Starting from World Food Day, October 16, Slow Food is promoting a week of commitment in which its network of activists around the world will take concrete action to reduce CO2 emissions.
Global warming is now a reality. Food production and distribution account for one-fifth of the world’s ‘fever’ (Ar5 IPCC 2014; FAO 2015). Given this reality, Slow Food is encouraging people everywhere—and especially in countries with a high development index—to change their eating habits.
People often feel powerless in the face of the global scale of climate change and its tragic consequences. Starting with food, each of us can help curb this phenomenon. It is to demonstrate this that Slow Food has launched the Week of Change as part of its Food for Change campaign, which began on September 24 at the close of Terra Madre Salone del Gusto and will continue until the end of this year.
During the Food for Change Challenge, participants commit to one of three concrete actions: cooking using only local ingredients, not eating meat, or reducing food waste to zero. The most daring can choose all three!
The important thing is that we show people that their commitment is useful, by actually measuring the result of their actions: Based on the number of people taking part in this challenge, Slow Food, in collaboration with Indaco2 (Environmental Indicators and CO2, a “spin-off” of the University of Siena, Italy), will estimate how much CO2 eq. has been saved thanks to our collective commitment during the Week of Change.
Food for Change is just beginning, and many people have already joined the challenge. Assuming that there are 5000 participants by the end of the week, our collective CO2 savings will amount to 63 tCO2 eq, or the equivalent of 175,000 kilometers traveled by car (four turns of the Earth’s circumference).
The Reasons Behind the Three Actions
Eat local. A local food production system has the advantage of integrating healthy and nutritious food with social responsibility, giving priority to ecological systems, eliminating or reducing chemicals, and safeguarding traditional techniques and knowledge. Local food is fresher, it protects local varieties and species (not to mention traditional production methods), it travels fewer kilometers, and it requires less packaging. It also allows producers and consumers to have more information about, and control over, production and distribution systems.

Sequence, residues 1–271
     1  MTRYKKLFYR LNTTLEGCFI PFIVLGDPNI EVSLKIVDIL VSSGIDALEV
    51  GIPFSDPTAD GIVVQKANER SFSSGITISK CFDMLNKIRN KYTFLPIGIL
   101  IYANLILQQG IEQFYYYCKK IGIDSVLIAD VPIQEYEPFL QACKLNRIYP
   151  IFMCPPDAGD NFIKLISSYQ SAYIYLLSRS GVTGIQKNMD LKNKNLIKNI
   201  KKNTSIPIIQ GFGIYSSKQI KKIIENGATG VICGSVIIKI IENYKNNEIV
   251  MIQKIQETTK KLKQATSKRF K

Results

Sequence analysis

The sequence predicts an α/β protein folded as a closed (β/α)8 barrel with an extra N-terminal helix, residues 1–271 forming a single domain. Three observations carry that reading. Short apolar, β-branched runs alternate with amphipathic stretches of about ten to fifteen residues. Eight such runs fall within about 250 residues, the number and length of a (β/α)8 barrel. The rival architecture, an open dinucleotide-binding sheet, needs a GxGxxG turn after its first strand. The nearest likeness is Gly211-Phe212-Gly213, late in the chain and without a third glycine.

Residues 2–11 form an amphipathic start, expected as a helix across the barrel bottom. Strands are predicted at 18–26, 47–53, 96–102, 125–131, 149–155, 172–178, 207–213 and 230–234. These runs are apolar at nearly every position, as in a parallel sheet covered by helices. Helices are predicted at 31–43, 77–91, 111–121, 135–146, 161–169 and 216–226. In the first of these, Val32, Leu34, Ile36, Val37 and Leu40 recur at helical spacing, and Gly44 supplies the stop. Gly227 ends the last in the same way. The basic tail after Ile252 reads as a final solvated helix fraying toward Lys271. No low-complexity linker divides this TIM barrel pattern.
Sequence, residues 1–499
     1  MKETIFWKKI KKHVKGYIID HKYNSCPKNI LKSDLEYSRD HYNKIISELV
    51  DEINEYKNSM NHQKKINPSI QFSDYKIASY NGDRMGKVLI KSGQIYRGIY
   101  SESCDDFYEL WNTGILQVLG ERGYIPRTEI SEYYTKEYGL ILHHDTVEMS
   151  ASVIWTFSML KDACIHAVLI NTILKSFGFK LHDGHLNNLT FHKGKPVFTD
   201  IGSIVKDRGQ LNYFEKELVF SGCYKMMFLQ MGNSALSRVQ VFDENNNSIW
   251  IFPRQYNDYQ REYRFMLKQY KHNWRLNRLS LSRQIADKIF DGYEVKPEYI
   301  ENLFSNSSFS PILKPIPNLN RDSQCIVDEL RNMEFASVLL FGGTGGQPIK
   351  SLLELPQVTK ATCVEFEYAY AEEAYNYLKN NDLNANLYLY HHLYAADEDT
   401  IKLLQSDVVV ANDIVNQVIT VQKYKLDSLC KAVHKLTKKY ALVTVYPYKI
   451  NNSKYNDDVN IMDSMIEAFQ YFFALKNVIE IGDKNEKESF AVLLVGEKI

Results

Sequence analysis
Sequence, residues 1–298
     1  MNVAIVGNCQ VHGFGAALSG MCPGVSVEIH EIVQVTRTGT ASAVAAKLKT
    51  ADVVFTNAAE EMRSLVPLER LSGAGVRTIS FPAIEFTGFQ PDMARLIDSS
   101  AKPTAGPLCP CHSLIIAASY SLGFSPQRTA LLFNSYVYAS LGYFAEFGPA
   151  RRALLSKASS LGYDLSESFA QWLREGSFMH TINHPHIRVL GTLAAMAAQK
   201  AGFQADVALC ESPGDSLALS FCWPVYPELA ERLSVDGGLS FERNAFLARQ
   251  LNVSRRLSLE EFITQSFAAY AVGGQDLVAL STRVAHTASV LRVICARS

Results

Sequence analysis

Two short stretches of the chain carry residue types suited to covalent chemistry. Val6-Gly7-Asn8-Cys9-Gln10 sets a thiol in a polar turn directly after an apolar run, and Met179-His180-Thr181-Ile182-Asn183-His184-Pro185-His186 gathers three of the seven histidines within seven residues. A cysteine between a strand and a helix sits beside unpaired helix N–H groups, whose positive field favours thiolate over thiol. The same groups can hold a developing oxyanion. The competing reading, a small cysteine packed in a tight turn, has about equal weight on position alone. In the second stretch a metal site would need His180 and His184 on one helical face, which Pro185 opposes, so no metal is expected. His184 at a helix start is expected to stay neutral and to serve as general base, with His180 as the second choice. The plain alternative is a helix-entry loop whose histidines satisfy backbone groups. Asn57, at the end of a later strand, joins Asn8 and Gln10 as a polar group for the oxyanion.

Meat Free. Meat consumption has quadrupled over the last 50 years. On average, each EU citizen consumes 80.6 kg of meat per year. According to the World Health Organization, a reduction to 25 kg per person per year would be sufficient, and halving that amount would be a major victory for our health and that of the planet (“World Livestock 2011: Livestock in Food Security”, FAO, 2011). More than 95% of the meat we eat comes from industrial farms that are collectively responsible for 14.5% of global greenhouse gas emissions (“Tackling Climate Change Through Livestock”, FAO, 2013).
Zero Waste. Every year in the European Union, about 90 million tonnes of food (179 kg per person) are wasted. Of this waste, 42% occurs at the household level and 39% in the manufacturing sector. Food waste also implies the wasting of resources such as land, water, energy, and inputs used for production, packaging, transport, and storage. Producing food that will not be consumed involves unnecessary CO2 emissions, in addition to the loss of the economic value of the food produced.
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